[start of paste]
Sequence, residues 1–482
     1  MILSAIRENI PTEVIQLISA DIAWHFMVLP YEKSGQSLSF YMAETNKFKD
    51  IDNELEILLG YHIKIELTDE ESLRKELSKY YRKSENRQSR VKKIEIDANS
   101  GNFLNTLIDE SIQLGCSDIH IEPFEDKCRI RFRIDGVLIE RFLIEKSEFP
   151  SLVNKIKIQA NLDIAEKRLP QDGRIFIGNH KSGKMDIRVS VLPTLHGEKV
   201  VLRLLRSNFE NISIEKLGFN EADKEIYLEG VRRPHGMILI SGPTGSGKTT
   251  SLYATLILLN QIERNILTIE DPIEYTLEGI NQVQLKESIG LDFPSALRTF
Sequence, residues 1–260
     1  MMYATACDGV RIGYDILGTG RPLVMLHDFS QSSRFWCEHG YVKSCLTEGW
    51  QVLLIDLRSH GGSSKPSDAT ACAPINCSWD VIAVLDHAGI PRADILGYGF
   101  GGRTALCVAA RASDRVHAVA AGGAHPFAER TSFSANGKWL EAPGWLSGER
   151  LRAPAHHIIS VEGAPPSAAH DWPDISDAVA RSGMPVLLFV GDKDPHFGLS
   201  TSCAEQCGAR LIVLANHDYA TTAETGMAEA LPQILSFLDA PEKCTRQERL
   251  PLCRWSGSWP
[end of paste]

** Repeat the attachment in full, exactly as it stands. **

Sequence, residues 1–482
     1  MILSAIRENI PTEVIQLISA DIAWHFMVLP YEKSGQSLSF YMAETNKFKD
    51  IDNELEILLG YHIKIELTDE ESLRKELSKY YRKSENRQSR VKKIEIDANS
   101  GNFLNTLIDE SIQLGCSDIH IEPFEDKCRI RFRIDGVLIE RFLIEKSEFP
   151  SLVNKIKIQA NLDIAEKRLP QDGRIFIGNH KSGKMDIRVS VLPTLHGEKV
   201  VLRLLRSNFE NISIEKLGFN EADKEIYLEG VRRPHGMILI SGPTGSGKTT
   251  SLYATLILLN QIERNILTIE DPIEYTLEGI NQVQLKESIG LDFPSALRTF
Sequence, residues 1–260
     1  MMYATACDGV RIGYDILGTG RPLVMLHDFS QSSRFWCEHG YVKSCLTEGW
    51  QVLLIDLRSH GGSSKPSDAT ACAPINCSWD VIAVLDHAGI PRADILGYGF
   101  GGRTALCVAA RASDRVHAVA AGGAHPFAER TSFSANGKWL EAPGWLSGER
   151  LRAPAHHIIS VEGAPPSAAH DWPDISDAVA RSGMPVLLFV GDKDPHFGLS
   201  TSCAEQCGAR LIVLANHDYA TTAETGMAEA LPQILSFLDA PEKCTRQERL
   251  PLCRWSGSWP